Referring now to FIGS. 1 through 8, as described herein, the general operation of the system 10 comprises data analyzed during (i.e., in real-time) and/or after acquisition of the data via execution of the plant analysis software, wherein the plant analysis software can (the following list is only exemplary and is non-limiting in the number and order of software operations): 1) automatically stitch multiple images together to form an accurate mosaic image for analysis, e.g., a false color image 74, in various implementations, a plurality of false color images 74 can be generated for the same plot or plats using image data from acquired at different viewing angles; 2) extract phenotypic and/or genotypic trait or characteristic values from the data collected in the field, e.g., provide phenotypic and/or genotypic trait or characteristic values for each plot, and/or for individual plants 46, and/or for particular leaves of plants 46, and/or for particular environmental or growing area conditions (e.g. the areas in the images occupied by plants and their locations relative to the areas where seeds were not planted (alleys and rows) or patches of bare ground), and/or for particular geospatial conditions, etc.; 3) acquire and monitor environmental conditions, geospatial conditions, etc.; 4) use historical data collected and stored to provide real-time quality control processes that compare the data collected with expected data sets, or control data sets, to verify the accuracy of the presently acquired data, whereby researchers can review the results and institute or perform automated or manual quality control actions to compensate for any detected anomalies or spurious data; and 5) automatically upload the results into one or more database, wherein the uploaded data can include the location data (e.g., the GPS data), the phenotypic and/or genotypic trait or characteristic, the quality control information, field and time conditions for all data point acquired, any other desired meta data, etc.

Hence, the various acquired data, per plot and/or per plant, is available in databases for researchers to review. The acquired data per plant and/or plot from each location can be compared within the location data and across multiple locations to select and/or evaluate the performance of individual plants, different treatments, germplasms, growing conditions or growing prescriptions, etc. Furthermore, analysis of the acquired and stored data can reveal data patterns. For example, data indicating a possible issue with data corresponding to a particular plant trait in one area of a field can reveal that data in other parts of the field, or data for other traits in the same part of the field, could be spurious, that data collected from the area can be statistically be statically weighted during subsequent analysis to account for the effects caused by the source of the observed pattern. For example, users of the presently disclosed systems and methods will be better able to recognize when the actual reason a particular germplasm failed to meet a certain threshold for selection was due to variation in some factor unrelated to genetics or proscribed treatments. For example, by accounting for these patterns, a germplasm that would be eliminated for poor performance in one area of the field using previous methods, can now be flagged as a false negative (or positive, depending on the trait) because an issue was identified with that part of the field that could be skewing the results in a spurious manner. Also, the detection and characterization of non-random variations, observed via data patterns, allows users of the presently disclosed systems and methods to identify and analyze more carefully regions of a field where the quality of data is suspect and potentially spurious.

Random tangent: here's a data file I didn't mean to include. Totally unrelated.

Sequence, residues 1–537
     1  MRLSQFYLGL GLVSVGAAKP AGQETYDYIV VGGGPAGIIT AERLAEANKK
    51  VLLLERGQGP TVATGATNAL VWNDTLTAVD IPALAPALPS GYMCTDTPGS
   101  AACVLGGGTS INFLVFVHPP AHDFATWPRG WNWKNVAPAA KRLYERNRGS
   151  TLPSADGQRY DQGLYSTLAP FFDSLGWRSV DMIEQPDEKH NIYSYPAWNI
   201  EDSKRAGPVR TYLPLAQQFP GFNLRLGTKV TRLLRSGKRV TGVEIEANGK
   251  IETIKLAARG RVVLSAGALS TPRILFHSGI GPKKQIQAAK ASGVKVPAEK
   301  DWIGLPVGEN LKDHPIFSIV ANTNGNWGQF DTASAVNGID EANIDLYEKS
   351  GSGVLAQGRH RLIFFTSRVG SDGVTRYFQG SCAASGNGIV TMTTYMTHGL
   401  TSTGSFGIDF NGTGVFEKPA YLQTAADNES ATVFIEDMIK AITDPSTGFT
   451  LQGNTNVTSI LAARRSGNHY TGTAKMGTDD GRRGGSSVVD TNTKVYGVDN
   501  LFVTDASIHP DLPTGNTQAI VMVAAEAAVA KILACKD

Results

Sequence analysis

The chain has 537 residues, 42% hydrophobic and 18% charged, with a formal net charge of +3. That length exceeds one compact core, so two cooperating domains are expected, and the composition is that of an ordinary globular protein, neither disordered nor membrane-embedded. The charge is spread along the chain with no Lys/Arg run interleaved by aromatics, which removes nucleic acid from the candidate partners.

FIG. 6 illustrates an exemplary imaging processing workflow implemented via execution of the plant analytics software. Upon initiation of the plant analytics software, the system 10 begins capturing successive image data shown in images 100, 102, 104 and 106. Subsequently, the images 100, 102, 104 and 106 are calibrated, e.g., normalized based on illumination data collected, and stitched together to generate image 108, which is identified, tagged and/or correlated with a specific plot of plants. Next, the soil and other background data is removed from the image 108 to provide vegetation indices map 110. Utilizing the vegetation indices map 110, execution of the plant analytics software can determine such plant information as vegetative index, Leaf Area Index (LAI), Normalized Difference Vegetative Index (NDVI), stand count, and/or any other indicator of plant health or plant performance.

FIG. 7 is provides an exemplary illustration of a screenshot displayed in real-time (i.e., simultaneously with the actual data acquisition and operation of system 10) to a researcher (located locally on the mobile platform 14 or remotely from the mobile platform 14 anywhere in the world) via execution the plant analytics software. As exemplarily illustrated, the researcher is provided a real time the location (e.g., the GPS position) of the mobile platform 14 as it traverses plots 86 in the field 82. As also exemplarily illustrated, the researcher is provided real-time images of the image data being acquired by two imaging devices 18, e.g., the color images 200 and the NIR images 202 for each imaging device 18.

EXAMPLES, TEST RESULTS AND EXPERIMENTS

Referring now to FIGS. 8A through 8G, the following is an exemplary description of, and results from, an imaging validation study of the automated crop analysis and treatment system 10, described above. Data from twenty-four, 2 row plots of soybean and twenty-four, 2 row plots of corn were used in this study. Half of the plots were unaltered for the course of the study and half of the plots were altered by reducing the stand count for consecutive images. The plot lay-out is shown in FIG. 8A with the altered plots 86 highlighted. Images were taken in a serpentine fashion through the plots 86 starting with plot A for every image set.